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How to parent smarter not harder.

When children’s emotions trigger parents’ emotions

“Becoming a parent brings with it a host of overwhelming feelings, both harrowing and beautiful: the surge of pure love when you watch your child sleeping; the tears of joy when they stand on stage and mumble their lines in their first school play; the rush of sheer fear when they aren’t in the place where you expected them to be; the roar of anger that shakes us like a primeval lion/ess when something threatens our child.

Being a parent connects us to a place deep inside us full of need, fear, hope and hurt. We care so much about our children and feel so responsible for them, we are truly vulnerable. It’s not an easy ride.

If you find, despite your best efforts, that your own emotional rollercoaster is particularly volatile or that your child’s daily ups and downs are setting off a parental maelstrom in response, it’s worth stepping back and asking yourself why. What is it about your child’s emotional world that so directly triggers yours?

By interrogating the underlying beliefs that are triggering our big emotional responses, we can sometimes talk back to those thoughts, get a little distance on those reactions and plot an alternative route.

The anxiety to get parenting ‘right’

There are lots of reasons why parents’ emotional responses might get out of hand. Sometimes it stems from an anxiety to get parenting right. Working parents are especially vulnerable to this when we are worried that we are not ‘there’ enough.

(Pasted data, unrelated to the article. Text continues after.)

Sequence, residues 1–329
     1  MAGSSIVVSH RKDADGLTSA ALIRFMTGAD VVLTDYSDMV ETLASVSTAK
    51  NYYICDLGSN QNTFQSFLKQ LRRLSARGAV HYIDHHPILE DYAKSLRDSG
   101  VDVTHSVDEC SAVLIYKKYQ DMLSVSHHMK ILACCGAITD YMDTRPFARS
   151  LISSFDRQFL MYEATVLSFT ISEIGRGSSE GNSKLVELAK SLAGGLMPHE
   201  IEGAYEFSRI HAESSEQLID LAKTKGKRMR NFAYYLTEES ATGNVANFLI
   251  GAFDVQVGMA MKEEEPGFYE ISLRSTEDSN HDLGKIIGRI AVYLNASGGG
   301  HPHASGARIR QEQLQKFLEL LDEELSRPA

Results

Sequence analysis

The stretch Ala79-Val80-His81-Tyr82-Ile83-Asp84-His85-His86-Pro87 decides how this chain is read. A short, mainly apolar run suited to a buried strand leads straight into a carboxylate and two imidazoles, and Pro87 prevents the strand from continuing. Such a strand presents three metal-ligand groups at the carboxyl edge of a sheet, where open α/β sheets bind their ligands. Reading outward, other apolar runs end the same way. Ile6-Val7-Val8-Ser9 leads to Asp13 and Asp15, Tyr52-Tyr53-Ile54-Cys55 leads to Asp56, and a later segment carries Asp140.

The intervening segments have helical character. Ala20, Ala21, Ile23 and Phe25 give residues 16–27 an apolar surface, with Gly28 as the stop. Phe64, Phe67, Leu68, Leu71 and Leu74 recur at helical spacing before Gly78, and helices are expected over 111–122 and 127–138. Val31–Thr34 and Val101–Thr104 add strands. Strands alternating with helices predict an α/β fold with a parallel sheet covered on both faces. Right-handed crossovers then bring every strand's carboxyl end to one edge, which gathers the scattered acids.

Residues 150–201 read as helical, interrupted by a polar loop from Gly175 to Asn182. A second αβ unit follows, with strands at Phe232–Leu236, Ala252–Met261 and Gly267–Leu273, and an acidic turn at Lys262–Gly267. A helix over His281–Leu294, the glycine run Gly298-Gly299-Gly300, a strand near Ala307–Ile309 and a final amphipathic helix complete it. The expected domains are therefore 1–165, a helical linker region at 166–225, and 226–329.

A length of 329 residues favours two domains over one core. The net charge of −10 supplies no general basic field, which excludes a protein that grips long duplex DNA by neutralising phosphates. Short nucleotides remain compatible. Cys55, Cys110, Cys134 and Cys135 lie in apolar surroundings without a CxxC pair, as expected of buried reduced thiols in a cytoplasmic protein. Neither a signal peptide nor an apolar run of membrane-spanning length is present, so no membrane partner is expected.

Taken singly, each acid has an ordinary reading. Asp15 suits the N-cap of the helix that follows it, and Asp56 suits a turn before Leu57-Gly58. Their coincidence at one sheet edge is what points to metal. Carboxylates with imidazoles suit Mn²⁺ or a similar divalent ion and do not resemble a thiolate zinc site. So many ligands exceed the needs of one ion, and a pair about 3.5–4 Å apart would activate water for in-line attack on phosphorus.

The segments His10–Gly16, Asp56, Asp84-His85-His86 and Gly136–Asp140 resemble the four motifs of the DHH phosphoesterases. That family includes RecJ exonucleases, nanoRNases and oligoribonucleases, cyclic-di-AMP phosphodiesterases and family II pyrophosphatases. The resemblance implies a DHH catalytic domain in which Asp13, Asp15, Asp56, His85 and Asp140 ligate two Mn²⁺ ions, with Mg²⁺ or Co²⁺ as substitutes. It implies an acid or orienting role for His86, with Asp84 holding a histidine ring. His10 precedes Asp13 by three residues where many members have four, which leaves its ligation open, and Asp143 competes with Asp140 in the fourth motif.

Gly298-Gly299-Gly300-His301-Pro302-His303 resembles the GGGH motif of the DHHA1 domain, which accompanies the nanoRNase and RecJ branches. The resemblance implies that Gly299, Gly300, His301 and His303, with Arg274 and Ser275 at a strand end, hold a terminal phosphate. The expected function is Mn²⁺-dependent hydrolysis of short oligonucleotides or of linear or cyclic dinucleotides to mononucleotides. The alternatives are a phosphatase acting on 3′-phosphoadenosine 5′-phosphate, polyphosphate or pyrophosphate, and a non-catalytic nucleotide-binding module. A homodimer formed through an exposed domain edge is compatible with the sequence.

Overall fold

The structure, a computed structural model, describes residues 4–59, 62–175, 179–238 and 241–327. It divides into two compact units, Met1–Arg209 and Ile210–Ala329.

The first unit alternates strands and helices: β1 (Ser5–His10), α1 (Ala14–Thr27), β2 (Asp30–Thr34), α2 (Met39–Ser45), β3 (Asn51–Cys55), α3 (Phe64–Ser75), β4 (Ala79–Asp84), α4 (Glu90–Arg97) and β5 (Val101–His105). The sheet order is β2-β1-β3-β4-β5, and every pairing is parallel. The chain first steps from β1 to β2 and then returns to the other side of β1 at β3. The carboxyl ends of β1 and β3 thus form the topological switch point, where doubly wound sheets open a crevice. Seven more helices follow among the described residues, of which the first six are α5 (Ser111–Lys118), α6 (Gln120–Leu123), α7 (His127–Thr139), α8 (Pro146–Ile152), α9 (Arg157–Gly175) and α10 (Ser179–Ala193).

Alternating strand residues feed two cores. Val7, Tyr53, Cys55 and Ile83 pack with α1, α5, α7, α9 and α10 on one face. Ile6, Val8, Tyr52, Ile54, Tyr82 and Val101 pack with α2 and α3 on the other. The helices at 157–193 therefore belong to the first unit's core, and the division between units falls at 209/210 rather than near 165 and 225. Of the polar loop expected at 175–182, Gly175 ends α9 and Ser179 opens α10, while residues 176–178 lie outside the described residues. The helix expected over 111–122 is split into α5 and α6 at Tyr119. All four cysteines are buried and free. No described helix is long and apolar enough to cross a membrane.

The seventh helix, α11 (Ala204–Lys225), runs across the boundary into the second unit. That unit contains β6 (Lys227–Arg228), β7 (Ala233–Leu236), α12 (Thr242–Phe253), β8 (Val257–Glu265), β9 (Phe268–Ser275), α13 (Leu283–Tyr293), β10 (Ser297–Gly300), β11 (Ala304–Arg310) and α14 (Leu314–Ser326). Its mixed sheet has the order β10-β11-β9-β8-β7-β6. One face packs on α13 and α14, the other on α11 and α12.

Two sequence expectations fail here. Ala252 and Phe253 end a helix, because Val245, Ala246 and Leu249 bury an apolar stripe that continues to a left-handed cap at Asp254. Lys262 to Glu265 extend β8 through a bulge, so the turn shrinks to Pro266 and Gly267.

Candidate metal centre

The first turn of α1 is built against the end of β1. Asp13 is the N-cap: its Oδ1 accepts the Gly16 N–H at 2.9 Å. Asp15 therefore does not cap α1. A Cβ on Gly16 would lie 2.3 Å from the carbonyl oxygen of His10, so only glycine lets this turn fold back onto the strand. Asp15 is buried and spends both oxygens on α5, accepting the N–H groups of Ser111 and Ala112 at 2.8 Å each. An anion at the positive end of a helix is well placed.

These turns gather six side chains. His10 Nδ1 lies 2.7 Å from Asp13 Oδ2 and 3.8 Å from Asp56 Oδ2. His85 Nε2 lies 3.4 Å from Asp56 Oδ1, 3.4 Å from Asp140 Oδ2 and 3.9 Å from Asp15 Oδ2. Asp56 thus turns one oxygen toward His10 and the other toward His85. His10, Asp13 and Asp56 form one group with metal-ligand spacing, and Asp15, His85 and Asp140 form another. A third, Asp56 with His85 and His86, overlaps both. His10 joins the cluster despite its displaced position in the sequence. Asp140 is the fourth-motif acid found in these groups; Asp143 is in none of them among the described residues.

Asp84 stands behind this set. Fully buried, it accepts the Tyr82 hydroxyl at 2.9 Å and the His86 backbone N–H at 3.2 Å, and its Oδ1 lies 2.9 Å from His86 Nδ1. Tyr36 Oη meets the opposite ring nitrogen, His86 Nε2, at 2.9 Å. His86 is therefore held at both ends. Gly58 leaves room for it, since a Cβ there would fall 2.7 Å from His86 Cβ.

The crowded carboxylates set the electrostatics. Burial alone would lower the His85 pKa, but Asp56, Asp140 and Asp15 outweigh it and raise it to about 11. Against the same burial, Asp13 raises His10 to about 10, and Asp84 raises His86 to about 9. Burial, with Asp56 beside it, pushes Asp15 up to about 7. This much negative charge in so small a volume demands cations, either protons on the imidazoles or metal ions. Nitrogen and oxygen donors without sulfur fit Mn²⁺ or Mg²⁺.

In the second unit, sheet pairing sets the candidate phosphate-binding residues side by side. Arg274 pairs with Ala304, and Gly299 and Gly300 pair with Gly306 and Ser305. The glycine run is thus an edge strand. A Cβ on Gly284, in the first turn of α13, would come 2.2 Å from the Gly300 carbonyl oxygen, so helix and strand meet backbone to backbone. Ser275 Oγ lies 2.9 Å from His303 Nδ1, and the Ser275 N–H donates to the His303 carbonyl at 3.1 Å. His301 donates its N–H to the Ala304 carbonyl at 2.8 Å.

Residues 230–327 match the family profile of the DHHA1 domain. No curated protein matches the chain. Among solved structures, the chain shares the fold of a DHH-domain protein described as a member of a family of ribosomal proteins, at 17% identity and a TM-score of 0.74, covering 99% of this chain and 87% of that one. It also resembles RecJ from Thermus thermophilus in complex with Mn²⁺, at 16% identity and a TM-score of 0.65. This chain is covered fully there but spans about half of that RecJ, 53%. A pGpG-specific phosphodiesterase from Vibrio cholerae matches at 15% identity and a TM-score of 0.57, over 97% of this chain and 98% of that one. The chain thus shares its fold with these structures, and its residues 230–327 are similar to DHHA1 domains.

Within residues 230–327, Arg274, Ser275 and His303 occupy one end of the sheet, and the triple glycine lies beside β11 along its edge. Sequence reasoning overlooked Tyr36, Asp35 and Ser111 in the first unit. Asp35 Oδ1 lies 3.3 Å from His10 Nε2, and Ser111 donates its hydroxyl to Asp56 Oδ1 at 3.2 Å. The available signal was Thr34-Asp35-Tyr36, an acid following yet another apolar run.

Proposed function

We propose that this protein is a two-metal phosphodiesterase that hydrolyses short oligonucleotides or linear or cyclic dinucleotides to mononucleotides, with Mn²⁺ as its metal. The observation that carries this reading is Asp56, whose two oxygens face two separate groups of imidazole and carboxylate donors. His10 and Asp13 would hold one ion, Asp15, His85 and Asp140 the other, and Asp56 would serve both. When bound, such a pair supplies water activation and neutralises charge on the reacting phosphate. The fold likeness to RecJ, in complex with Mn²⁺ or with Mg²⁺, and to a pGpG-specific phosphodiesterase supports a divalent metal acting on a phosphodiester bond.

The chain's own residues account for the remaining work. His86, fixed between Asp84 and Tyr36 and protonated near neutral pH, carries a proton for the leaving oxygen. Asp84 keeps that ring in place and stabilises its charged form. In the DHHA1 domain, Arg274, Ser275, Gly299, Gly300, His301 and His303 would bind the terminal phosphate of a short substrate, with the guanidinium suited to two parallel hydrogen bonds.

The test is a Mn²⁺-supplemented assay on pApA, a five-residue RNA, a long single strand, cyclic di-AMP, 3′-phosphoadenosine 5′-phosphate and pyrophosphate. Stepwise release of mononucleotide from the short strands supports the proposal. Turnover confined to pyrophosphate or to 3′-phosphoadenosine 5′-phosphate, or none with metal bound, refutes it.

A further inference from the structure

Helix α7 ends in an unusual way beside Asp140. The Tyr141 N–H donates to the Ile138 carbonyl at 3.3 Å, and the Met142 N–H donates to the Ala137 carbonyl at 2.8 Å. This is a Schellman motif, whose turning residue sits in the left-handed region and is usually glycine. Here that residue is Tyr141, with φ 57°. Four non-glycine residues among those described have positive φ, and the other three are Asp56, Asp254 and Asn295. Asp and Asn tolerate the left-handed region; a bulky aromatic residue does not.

Being a working parent feels a lot like trying to run a very long race carrying a very heavy sack. Every day we pick up more information about another worry that needs to be put in our sack – another thing we must or mustn’t do with/for our children.

And when those fears and worries get on top of us, we can tip into over-caring about every detail. We get stuck in the minutiae of our children’s lives and lose sight of the bigger picture.

We overthink every risk and rush around to cushion, arrange and mitigate at every pass. We do too much and miss the point. Everything matters. And when everything matters, everything has the power to tip us over the edge when it goes wrong.

Believing children’s success reflects parenting success

Or perhaps your emotional reactivity springs from another classic efficiency thinking trap, focusing on the performance indicators? Could your volatile parental emotions be because you care just a little too much about your child’s behaviour or achievements? That you want them to get it right, otherwise it feels like you must be getting it wrong?

If you are a high-achieving career-driven parent there is a good chance you locate a fair portion of your self-esteem in evidence of your success. And when that’s the case, it’s easy to place too much value in the badges of our children’s success too (academic/sporting/musical etc).

Maybe you have fallen into the trap of believing that your child’s outcomes validate your worth as a parent? Because, if that’s the case, when anything threatens your child’s success, your panic button is going to get pushed and you are going to take every knockback very personally.

Unpicking the beliefs under our emotions

Riding the parenting rollercoaster means accepting the fundamental but uncomfortable truth that your child is an autonomous individual over whom you have some influence but not control.

Children are not the sum total of our efforts. And we are not the sum total of our children’s successes.

You can’t keep adding more and more to your parenting load. You will just run yourself into the ground or things will start falling out (and they might be important things).

The only sure way to succeed in the working parent race is to lighten the load by focusing on what matters and what’s possible. And that means accepting that your parenting is not the be-all and end-all of your child’s life – you are only one part of their picture.”

This is an edited and abridged excerpt from chapter 13 of my book The Work/Parent Switch (known as The Working Parent’s Survival Guide in USA).

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By Anita Cleare

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